Trine Villemann has posted a new blog entry on the Politiken site. She writes about how Mary will be present as the latest probable recipient of a Danish passport gets married. The topic is inspired by the upcoming "Princess of Greece and Denmark" Miss Tatiana Blatnik, who on August 25th will take on that title by marrying Prince Nikolaos, second son of former Greek Queen and Danish princess by birth, Anne-Marie. The question becomes, will Miss Blatnik, by marrying the holder of a Danish diplomatic passport become the holder of one herself?
The Frederik and Mary summer 2010 has ahead of it threatening tasks such as Fashion Week, tennis games, the Navy's 500th anniversary - and a private wedding in Greece.
It is the latest event which is interesting to see through Danish taxpayer eyes. On August 25, our future queen will be present when Frederik's cousin, Nikolaos, marries his English fiancée Tatiana Blatnik. Nikolaos is the son of Greece's former King Constantine and Queen Anne-Marie (Margrethe's younger sister.)
The wedding on the island of Spetses a few hours' sail from Athens has no constitutional significance. Greece has been a republic since 1974, and Constantine and Anne-Marie are considered at the Hellenic latitudes as ordinary tourists.
The happy family event has nevertheless a very Danish facet because I would bet an olive tree in that after the wedding will be issued Danish diplomatic passports to the English bride so that she, like sister-in-law Marie-Chantal (American father, mother from Ecuador), who is married to Pavlos, Anne-Marie's oldest son, can travel the world on our passports without being able to speak our language without living in Denmark and without ever having lifted so much as a painted finger for our country.
It starts to sound mighty nationalist, but this absurd tradition of issuing Danish passports - even the finest of its kind - to aliens without requiring them to meet the same criteria we require all other passport-seekers, is rooted in an ancient import of Danish royal dynamite to a time of Balkan stormy restlessness.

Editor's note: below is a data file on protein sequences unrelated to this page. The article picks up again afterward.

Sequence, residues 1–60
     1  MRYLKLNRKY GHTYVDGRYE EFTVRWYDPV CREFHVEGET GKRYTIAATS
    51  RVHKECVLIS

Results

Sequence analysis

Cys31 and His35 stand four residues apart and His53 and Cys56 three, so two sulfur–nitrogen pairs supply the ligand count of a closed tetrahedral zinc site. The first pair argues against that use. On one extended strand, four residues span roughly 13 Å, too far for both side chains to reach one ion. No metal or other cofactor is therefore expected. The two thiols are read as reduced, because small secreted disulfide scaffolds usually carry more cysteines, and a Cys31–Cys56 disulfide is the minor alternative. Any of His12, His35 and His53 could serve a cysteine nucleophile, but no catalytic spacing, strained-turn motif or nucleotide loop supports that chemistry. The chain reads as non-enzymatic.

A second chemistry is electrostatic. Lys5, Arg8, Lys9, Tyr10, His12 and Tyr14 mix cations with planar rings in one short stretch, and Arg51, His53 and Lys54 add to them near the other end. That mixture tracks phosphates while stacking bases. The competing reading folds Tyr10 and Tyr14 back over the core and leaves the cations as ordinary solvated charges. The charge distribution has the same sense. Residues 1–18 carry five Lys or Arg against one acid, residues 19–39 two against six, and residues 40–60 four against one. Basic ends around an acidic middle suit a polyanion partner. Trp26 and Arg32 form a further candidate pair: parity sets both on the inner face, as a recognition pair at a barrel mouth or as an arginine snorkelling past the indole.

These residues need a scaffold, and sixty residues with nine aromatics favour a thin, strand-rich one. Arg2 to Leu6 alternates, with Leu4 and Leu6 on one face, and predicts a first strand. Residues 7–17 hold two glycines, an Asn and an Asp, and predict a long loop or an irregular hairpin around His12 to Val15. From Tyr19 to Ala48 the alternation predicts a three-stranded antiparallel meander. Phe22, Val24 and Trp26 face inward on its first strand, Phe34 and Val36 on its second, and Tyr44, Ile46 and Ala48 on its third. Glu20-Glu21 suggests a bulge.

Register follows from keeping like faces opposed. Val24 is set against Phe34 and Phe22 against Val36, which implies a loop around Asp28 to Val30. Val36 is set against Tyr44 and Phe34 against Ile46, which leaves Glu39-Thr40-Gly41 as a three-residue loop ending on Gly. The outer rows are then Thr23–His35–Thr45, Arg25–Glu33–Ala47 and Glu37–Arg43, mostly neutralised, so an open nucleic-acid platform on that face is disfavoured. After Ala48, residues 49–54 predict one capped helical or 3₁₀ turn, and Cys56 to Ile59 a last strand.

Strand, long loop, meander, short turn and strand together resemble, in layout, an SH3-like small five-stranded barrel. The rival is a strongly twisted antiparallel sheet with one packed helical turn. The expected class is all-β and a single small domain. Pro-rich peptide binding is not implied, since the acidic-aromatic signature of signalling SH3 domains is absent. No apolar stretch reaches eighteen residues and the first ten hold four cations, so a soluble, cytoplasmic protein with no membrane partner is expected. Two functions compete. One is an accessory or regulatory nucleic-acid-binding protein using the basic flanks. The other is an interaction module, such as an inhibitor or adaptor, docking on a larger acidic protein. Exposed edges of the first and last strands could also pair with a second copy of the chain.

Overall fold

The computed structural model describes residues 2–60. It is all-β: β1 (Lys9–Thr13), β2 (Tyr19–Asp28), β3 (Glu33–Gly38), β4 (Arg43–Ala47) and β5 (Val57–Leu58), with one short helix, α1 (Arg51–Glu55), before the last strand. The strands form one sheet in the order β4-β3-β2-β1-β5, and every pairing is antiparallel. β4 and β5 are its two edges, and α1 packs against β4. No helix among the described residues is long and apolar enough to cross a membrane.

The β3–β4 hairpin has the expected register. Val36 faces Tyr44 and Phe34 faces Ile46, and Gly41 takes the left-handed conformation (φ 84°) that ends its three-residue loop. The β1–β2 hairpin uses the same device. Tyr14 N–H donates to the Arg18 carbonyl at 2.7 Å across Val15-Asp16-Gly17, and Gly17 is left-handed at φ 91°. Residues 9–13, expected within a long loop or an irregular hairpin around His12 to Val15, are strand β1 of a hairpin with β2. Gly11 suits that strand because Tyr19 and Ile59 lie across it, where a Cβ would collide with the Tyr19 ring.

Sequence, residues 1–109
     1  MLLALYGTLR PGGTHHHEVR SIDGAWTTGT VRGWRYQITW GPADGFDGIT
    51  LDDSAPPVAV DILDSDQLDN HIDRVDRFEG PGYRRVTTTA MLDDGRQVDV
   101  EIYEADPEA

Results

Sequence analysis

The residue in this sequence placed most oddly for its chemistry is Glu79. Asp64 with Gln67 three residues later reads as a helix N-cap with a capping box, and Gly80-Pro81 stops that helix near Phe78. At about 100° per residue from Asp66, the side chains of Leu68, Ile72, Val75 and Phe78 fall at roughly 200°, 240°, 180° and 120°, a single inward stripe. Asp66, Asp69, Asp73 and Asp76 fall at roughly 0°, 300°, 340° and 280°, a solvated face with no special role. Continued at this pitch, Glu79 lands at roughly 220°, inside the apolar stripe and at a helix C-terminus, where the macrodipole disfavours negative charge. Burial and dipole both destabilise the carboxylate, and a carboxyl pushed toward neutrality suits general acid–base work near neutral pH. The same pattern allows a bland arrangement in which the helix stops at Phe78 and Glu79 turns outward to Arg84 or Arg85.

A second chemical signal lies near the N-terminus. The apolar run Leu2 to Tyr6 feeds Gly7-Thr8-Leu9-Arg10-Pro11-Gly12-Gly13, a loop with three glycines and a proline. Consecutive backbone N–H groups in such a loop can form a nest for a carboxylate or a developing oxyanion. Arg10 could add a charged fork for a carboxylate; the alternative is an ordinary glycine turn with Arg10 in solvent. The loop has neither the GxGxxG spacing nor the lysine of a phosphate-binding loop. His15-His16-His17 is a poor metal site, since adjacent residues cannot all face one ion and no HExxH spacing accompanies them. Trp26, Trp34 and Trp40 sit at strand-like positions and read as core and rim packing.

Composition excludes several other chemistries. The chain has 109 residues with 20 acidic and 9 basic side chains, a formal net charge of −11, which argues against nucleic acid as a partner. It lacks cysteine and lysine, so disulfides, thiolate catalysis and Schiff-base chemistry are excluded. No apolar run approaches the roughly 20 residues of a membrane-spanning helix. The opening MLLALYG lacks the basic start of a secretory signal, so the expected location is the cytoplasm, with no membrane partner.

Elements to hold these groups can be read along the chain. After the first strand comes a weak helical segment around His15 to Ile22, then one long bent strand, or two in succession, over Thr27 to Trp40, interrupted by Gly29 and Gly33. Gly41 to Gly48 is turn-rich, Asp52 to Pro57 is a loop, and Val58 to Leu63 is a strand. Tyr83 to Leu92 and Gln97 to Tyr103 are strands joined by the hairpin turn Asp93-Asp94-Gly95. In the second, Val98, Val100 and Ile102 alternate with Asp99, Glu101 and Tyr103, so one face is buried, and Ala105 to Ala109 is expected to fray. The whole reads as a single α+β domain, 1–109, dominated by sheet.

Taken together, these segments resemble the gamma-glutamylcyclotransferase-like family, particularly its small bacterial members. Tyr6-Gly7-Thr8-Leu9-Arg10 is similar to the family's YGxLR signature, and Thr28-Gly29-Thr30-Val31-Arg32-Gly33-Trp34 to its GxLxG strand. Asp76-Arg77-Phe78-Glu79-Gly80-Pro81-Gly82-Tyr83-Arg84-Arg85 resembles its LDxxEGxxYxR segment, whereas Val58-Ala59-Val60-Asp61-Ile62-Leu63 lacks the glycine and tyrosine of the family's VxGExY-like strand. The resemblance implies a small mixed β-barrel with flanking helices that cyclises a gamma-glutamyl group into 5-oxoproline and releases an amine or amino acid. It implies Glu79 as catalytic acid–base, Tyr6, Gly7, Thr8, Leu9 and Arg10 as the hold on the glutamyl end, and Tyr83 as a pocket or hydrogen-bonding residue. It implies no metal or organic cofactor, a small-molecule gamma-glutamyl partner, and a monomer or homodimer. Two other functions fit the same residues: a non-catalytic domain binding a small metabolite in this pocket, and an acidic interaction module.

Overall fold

Constantine and his children are princes and princesses of Denmark. They descend in a straight line from George I of Greece, who was the son of Denmark's Christian 9, and in 1863 was inserted by contemporary great powers, including Britain and Russia in an attempt to stabilize Europe's turbulent southeastern corner.
In other words, because Greece nearly 150 years ago grabbed one of our princes for their throne, whistles and various foreign jet setters around the world on our passports.
It should be unfairly mentioned that old George's female descendants do not enjoy the same privileges as their male family members. Pavlos' wife and five children have all Danish diplomatic passport, says the foreign ministry, but neither the Spanish architect Carlos Morales, who is married to Pavlos' older sister Alexia, or their children have obtained Danish diplomatic curtesy, because Alexia's husband did not become a Prince of Denmark, even if he married one of our princesses.
It's just the case for the Danish People's Party. People with a fig leaf of an alibi have bartered for one of our passports!
Or Unity? There must surely be equal accessibility to our passports - regardless of gender?
The Danish People's Party as we know it is not afraid of tightening the clause for preventing residents from having access to Danish privileges.
And Unity List has before been a champion when it came to providing equal rights to Danish princes.
I therefore welcome the forthcoming Parliament session where Pia and Joanna will go to the barricades to either close the loophole for the Royal Danish passport or make sure that the hole is large enough for all the princes and their children to take advantage of it.